She said yes.

I ride along the scenic seaside drive and happen upon a wedding on the beach. From the vantage point above, I hear the demure tones of a violin played by a young girl – I watch, sentimentally hopeful for the couple’s future.

The next encounter is with a Catholic mission – a sign perhaps of my commitment to the unattached life (I never said abstinent!). This most beautiful church and mission station resonates with compassion and consciousness. Peculiar how I keep discovering this in California.

The afternoon and evening are spent in talks with Kim Eng and Eckhart. Many meditation sessions and great wisdom emanating from Merrill Hall as well as the profound and loving conversations with my fellow participants.

9I mentioned at the beginning of my journey that I might be here to discover my path. Possibly I know it less than I thought I did before. But certainly I have loved being with the wonderful people i have encountered. But I have loved being with myself even more. (ok, ok – with a bike).

The conclusion I am coming to is the following: If I should encounter marriage “wave your arms overhead and make plenty of noise to frighten it away”.

07 june
10When Eckhart left today, I had tears streaming down my face – peculiar. The strangest thing is that he has not had an emotional, spiritual or cerebral effect on me the entire week, but rather embarrassingly, an entirely soporific effect. While the others stay focused and conscious, all I do is fall asleep. He has a hypnotic voice and a vibration that puts me exactly where I am not supposed to be – asleep.

My new favorite sign: “This is a dangerous earthquake and tidal wave zone. Please head for higher ground as soon as possible if necessary”. Holy Guacamole – between Mountain Lions and Tidal Waves and Somnambulism – California is a scary place.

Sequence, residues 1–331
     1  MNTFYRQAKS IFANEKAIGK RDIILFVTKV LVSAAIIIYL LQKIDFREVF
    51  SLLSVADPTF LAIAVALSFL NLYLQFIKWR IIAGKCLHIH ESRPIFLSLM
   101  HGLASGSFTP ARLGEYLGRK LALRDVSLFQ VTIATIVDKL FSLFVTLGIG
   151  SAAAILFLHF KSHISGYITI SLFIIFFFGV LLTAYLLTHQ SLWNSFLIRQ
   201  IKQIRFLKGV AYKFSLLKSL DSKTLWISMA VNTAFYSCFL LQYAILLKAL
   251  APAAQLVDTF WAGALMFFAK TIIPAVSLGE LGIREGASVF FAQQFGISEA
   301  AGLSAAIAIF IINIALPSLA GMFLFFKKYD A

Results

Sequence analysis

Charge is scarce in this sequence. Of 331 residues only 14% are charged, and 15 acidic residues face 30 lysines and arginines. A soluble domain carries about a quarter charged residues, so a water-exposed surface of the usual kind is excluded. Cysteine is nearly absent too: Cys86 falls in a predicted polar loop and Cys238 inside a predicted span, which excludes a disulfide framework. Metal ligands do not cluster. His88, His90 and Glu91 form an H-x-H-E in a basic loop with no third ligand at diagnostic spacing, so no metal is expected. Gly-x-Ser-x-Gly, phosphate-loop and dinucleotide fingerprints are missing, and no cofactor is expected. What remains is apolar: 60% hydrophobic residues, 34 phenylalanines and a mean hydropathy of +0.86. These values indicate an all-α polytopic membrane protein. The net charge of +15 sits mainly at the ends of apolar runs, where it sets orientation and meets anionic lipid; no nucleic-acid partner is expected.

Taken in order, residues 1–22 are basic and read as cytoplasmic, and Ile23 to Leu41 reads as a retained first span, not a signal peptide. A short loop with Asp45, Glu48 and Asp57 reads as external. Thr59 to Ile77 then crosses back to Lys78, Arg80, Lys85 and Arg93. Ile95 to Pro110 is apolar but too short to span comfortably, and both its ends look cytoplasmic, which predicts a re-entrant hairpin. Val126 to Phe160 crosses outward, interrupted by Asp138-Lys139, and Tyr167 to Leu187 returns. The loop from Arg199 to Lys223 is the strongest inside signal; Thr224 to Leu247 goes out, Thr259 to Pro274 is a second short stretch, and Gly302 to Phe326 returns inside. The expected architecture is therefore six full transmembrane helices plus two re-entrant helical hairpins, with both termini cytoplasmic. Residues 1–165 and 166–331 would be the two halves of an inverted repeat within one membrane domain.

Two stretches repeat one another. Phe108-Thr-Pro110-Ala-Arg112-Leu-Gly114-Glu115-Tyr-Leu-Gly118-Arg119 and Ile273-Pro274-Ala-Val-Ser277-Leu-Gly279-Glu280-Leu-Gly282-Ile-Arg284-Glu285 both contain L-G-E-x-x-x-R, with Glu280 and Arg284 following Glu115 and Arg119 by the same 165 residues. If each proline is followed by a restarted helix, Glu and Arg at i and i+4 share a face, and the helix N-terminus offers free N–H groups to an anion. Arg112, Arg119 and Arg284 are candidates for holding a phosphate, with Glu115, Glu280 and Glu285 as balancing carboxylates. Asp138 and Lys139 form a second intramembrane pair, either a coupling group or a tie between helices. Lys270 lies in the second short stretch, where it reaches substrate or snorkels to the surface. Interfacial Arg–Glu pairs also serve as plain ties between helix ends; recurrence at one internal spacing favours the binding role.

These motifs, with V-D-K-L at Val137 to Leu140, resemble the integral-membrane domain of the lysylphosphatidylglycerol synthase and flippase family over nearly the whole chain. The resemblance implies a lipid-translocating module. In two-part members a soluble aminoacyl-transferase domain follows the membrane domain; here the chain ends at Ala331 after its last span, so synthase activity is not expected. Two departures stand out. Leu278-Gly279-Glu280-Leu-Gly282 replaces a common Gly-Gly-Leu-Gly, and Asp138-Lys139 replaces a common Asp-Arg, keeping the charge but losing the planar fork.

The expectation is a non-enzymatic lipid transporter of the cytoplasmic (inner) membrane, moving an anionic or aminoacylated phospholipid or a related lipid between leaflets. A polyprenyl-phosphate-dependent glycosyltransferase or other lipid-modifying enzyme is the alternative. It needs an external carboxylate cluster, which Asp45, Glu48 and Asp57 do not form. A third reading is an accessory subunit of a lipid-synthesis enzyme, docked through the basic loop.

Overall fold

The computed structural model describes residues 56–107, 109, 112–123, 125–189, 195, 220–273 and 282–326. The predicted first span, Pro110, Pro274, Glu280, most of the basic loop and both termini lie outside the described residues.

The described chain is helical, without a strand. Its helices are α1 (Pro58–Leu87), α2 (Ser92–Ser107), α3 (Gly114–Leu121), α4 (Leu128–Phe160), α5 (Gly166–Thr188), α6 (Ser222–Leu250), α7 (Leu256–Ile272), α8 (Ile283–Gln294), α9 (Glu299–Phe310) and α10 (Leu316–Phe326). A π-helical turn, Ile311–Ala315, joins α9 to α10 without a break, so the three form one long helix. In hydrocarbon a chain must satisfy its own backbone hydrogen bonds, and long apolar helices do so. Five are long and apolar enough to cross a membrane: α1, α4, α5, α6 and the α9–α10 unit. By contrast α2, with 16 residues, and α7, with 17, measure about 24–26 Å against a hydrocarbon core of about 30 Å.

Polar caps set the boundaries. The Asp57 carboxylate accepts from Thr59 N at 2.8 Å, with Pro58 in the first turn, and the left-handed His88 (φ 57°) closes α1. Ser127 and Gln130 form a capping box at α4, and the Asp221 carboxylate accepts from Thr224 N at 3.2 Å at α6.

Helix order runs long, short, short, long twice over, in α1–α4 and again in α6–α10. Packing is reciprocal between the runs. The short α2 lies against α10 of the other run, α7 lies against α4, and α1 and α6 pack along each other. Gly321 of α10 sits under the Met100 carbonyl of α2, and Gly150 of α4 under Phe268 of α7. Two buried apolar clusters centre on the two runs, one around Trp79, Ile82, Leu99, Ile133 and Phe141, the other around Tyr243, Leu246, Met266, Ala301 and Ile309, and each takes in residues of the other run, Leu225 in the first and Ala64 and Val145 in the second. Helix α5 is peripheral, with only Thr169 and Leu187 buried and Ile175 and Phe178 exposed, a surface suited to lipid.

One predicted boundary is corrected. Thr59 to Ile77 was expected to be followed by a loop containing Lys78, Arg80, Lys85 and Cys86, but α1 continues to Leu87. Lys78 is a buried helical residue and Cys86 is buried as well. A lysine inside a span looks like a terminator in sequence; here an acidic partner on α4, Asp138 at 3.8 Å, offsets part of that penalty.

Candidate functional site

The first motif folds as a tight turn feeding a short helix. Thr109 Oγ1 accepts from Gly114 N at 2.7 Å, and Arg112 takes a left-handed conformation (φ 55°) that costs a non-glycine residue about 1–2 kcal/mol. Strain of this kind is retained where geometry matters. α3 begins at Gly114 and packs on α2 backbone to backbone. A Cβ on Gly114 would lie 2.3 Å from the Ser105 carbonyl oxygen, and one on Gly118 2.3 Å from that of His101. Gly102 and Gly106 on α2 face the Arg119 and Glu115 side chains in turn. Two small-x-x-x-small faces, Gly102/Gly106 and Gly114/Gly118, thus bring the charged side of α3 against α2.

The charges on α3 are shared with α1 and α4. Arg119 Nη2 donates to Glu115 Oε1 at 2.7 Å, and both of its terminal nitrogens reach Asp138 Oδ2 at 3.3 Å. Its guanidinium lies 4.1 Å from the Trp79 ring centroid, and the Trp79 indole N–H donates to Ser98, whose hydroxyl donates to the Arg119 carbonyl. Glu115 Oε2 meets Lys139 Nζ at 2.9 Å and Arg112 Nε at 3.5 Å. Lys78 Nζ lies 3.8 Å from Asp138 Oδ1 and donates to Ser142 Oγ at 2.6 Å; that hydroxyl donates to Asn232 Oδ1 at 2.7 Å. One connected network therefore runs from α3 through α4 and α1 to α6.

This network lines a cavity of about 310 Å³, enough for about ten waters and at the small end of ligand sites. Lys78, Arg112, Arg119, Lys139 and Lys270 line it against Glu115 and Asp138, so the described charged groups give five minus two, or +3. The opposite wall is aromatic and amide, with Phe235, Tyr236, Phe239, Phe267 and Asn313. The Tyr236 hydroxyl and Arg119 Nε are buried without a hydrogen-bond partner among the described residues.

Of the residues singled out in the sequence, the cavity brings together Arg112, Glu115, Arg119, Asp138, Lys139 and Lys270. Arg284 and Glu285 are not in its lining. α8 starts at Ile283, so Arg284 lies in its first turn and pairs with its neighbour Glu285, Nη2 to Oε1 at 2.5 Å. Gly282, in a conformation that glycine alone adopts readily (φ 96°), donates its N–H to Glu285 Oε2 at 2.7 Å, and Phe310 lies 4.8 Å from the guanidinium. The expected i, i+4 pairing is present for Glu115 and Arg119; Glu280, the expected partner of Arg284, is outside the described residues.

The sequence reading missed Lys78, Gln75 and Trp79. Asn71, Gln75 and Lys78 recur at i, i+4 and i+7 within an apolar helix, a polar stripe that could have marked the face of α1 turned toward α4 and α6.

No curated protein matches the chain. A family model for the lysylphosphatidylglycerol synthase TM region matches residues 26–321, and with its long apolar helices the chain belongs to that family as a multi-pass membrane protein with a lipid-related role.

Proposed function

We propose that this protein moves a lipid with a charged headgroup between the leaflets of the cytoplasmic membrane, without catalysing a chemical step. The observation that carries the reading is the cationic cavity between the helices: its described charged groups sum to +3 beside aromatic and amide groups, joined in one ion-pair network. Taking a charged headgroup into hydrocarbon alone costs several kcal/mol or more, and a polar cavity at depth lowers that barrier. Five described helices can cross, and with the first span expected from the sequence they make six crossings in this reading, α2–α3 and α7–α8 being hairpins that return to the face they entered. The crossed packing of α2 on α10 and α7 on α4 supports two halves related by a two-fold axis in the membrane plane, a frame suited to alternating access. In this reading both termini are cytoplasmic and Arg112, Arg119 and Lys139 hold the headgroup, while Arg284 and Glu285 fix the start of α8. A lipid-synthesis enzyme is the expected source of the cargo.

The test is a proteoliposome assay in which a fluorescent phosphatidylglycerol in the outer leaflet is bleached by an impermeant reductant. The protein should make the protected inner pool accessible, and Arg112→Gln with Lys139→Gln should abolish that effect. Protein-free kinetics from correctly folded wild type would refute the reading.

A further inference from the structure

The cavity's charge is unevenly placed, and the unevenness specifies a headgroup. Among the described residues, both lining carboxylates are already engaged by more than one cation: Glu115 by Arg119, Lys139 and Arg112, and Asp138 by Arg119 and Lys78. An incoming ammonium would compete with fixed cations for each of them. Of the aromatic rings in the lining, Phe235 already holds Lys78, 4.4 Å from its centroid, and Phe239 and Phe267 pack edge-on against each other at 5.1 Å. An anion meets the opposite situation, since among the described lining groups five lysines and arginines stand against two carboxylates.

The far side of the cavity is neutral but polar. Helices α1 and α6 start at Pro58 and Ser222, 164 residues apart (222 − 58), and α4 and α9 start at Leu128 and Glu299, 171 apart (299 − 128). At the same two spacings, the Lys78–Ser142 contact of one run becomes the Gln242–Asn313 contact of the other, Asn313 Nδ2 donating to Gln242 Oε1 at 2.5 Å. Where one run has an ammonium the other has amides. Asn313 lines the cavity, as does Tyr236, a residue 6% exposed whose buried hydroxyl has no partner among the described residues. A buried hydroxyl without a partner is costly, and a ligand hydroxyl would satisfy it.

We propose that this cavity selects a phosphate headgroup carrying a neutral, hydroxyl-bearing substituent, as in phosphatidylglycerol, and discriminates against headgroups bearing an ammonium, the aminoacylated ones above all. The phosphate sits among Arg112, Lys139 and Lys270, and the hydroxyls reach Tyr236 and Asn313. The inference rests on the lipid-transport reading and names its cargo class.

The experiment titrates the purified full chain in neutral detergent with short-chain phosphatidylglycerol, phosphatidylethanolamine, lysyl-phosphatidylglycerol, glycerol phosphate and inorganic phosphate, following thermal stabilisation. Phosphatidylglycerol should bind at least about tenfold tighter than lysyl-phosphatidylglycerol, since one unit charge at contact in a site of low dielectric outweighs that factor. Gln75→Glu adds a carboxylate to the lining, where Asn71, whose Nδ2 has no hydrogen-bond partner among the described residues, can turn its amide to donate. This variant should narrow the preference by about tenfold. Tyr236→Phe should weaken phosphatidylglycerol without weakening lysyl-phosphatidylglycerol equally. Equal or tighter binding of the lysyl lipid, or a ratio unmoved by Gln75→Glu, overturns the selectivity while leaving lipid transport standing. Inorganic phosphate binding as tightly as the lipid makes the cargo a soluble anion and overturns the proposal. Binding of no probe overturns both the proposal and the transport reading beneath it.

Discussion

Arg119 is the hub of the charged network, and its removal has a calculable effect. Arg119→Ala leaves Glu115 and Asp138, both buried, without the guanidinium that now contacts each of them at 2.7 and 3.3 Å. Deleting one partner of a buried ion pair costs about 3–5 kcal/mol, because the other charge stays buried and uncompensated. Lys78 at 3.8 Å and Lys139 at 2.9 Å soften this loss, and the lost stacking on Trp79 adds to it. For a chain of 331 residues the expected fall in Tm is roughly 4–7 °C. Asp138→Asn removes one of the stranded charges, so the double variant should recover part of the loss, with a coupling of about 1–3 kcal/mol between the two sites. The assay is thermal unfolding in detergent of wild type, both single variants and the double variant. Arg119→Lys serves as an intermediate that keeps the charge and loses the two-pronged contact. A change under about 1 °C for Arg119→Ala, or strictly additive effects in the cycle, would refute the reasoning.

12The retreat is over, although I suspect it shall linger in my neural pathways for some time. I call upon my trusty steed – “Skedonk” and we set off together for the mountains and the shoreline and the exploration of the present moment. She creaks and changes gear at will – but somehow I have requested her every time I have ridden. We land up amongst ghostly pine forests in the mist and emerge in bright sunlight into Monterey – and ride again along the peninsular. The fauna and flora is spectacular.

I have not seen any mountain lions, but the cute sea otters playing in the waves are plentiful. I see harbor Seals and rabbits and squirrels. Small deer run across my path – in the town and on the trails! Sam called the deer ‘fawn’ – so sweet. I even saw a raccoon in the resort. The birdlife is abundant – Woodpeckers and seagulls and hawks and jays. I am impressed beyond words at the efforts made in the area to reintroduce the natural plant life into the dunes.

Tonight it is misty and cold. The sea and the dunes tell a new story.

I am settling down to another 10 hour sleep (every night – unbelievable). Tomorrow I shall re-enter the world of e mail and 2015. But first a small run through the dunes and the rocks and the beaches to feed my soul for the next voyage.

Goodbye from California